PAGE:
Do you require a certain setting or mood in order to compose your music? Have you ever composed with the sole purpose to represent a mood?
Mood is imperative. Sometimes you don’t know exactly what mood you’re trying to convey. Sometimes you may realise ‘Oh, it’s not the day today, so let’s try again tomorrow’. It’s important to embrace this process. Yes, you maybe have a basic idea of structure – chords, notes, intention, rhythm, tempo, limitations – but the actual performance is where you allocate mood. That is one of the reasons why started working with my own equipment because I wanted to be independent from large-scale studio production. The first Ash Ra Temple record we produced involved three different studios. My preferred approach is more or less as live as humanly possible. Record what you are used to playing. Will anything be better if you record it again and again and again? No.
So you embrace spontaneity as it reflects the reality of time?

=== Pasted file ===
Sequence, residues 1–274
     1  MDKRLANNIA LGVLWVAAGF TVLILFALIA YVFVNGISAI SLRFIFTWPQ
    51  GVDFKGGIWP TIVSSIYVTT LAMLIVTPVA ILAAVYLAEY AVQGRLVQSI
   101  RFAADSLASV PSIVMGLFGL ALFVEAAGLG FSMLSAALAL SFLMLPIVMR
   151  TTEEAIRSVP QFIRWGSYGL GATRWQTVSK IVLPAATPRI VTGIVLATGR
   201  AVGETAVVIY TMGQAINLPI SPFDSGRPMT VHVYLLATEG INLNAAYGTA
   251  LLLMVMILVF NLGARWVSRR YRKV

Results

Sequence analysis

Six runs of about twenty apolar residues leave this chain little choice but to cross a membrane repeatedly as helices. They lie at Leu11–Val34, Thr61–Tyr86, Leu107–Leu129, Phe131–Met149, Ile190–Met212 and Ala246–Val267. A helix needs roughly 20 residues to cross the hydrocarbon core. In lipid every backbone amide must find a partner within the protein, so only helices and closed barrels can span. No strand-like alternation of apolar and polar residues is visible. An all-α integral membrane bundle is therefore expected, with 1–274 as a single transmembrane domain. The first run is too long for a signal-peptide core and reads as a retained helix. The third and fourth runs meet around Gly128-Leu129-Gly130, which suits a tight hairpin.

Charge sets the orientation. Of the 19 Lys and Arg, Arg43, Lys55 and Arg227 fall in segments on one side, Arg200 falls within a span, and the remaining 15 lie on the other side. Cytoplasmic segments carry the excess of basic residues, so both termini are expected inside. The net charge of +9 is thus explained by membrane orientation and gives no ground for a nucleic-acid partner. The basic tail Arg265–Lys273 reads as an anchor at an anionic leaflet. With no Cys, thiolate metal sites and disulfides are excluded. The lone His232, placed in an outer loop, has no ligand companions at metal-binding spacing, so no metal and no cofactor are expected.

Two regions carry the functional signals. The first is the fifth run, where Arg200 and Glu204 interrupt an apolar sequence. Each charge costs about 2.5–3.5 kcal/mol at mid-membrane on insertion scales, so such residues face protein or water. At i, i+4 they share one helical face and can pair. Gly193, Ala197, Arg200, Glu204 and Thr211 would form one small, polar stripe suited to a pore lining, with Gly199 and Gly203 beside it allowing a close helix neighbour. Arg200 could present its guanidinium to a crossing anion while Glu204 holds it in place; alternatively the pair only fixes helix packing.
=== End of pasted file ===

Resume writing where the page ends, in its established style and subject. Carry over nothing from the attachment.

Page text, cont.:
Correct. But you must prepare. You can train your own spontaneity. You can train improvisation. One example of this is instead of talking to each other, perform alongside each other. The music and the notes become a language.
Has the impulsive nature of E2-E4 altered your approach to your compositional style?
E2-E4 was a mistake. I nearly stopped the recording. The original programming was not how I expected. But I paused and just allowed myself to continue. I said ‘why not? Let’s try.’ In this way, I consider myself to be more of an explorer. I want to test and try new things in composition. I don’t like repetition. I don’t want to do the same thing over and over again. I want to focus on new directions.
Manuel Göttsching performs E2-E4 + The Ash Ra Tempel Experience on 22nd March at the Barbican in London as part of Convergence Festival. The show has now sold out, find out more about other Convergence events here.